At least, until fall?)
Let nothing sour
This sweetest hour;
The baseball season’s
Back in flower!

T.S. Eliot, “Journey of the Magi”

poetry

A cold coming we had of it,
Just the worst time of the year
For a journey, and such a long journey:
The ways deep and the weather sharp,
The very dead of winter.
And the camels galled, sore-footed, refractory,
Lying down in the melting snow.
There were times when we regretted
The summer palaces on slopes, the terraces,
And the silken girls bringing sherbet.
Then the camel men cursing and grumbling
And running away, and wanting their liquor and women,
And the night-fires going out, and the lack of shelters,
And the cities dirty and the towns unfriendly
And the villages dirty and charging high prices:
A hard time we had of it.
At the end we preferred to travel all night,
Sleeping in snatches,
With the voices singing in our ears, saying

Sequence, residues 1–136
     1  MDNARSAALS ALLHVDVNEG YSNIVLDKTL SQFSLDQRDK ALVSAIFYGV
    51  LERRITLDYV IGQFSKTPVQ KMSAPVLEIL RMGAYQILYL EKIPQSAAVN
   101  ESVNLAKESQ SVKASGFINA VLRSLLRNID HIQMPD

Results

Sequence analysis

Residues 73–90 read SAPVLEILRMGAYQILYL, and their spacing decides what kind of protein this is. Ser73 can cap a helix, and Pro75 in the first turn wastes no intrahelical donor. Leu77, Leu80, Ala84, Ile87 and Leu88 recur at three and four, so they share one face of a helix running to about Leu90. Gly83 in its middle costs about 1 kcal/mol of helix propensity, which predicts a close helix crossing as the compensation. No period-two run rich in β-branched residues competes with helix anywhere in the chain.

That this was all folly.

Then at dawn we came down to a temperate valley,
Wet, below the snow line, smelling of vegetation;
With a running stream and a water mill beating the darkness,
And three trees on the low sky,
And an old white horse galloped away in the meadow.
Then we came to a tavern with vine-leaves over the lintel,
Six hands at an open door dicing for pieces of silver,
And feet kicking the empty wineskins.
But there was no information, and so we continued
And arrived at evening, not a moment too soon
Finding the place; it was (you may say) satisfactory.

All this was a long time ago, I remember,
And I would do it again, but set down
This set down
This: were we led all that way for
Birth or Death? There was a Birth, certainly,
We had evidence and no doubt. I had seen birth and death,
But had thought they were different; this Birth was
Hard and bitter agony for us, like Death, our death.
We returned to our places, these Kingdoms,
But no longer at ease here, in the old dispensation,
With an alien people clutching their gods.
I should be glad of another death.

From The Collected Poems 1909-1962

Robert Creeley, “A Form of Women”

poetry

I have come far enough
from where I was not before
to have seen the things
looking in at me from through the open door